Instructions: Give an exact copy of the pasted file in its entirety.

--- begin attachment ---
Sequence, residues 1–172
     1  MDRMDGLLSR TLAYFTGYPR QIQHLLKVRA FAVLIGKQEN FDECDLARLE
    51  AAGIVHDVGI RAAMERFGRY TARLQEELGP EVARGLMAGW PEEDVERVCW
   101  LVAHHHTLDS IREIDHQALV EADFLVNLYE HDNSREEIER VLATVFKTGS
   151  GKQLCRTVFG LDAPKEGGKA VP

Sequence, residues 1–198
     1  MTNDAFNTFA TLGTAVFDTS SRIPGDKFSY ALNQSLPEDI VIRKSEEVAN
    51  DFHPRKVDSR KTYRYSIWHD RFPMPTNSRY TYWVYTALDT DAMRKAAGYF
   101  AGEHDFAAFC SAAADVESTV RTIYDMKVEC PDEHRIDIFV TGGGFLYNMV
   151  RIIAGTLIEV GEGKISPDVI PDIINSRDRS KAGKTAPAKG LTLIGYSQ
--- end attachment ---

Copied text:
Sequence, residues 1–172
     1  MDRMDGLLSR TLAYFTGYPR QIQHLLKVRA FAVLIGKQEN FDECDLARLE
    51  AAGIVHDVGI RAAMERFGRY TARLQEELGP EVARGLMAGW PEEDVERVCW
   101  LVAHHHTLDS IREIDHQALV EADFLVNLYE HDNSREEIER VLATVFKTGS
   151  GKQLCRTVFG LDAPKEGGKA VP

Sequence, residues 1–198
     1  MTNDAFNTFA TLGTAVFDTS SRIPGDKFSY ALNQSLPEDI VIRKSEEVAN
    51  DFHPRKVDSR KTYRYSIWHD RFPMPTNSRY TYWVYTALDT DAMRKAAGYF
   101  AGEHDFAAFC SAAADVESTV RTIYDMKVEC PDEHRIDIFV TGGGFLYNMV
   151  RIIAGTLIEV GEGKISPDVI PDIINSRDRS KAGKTAPAKG LTLIGYSQ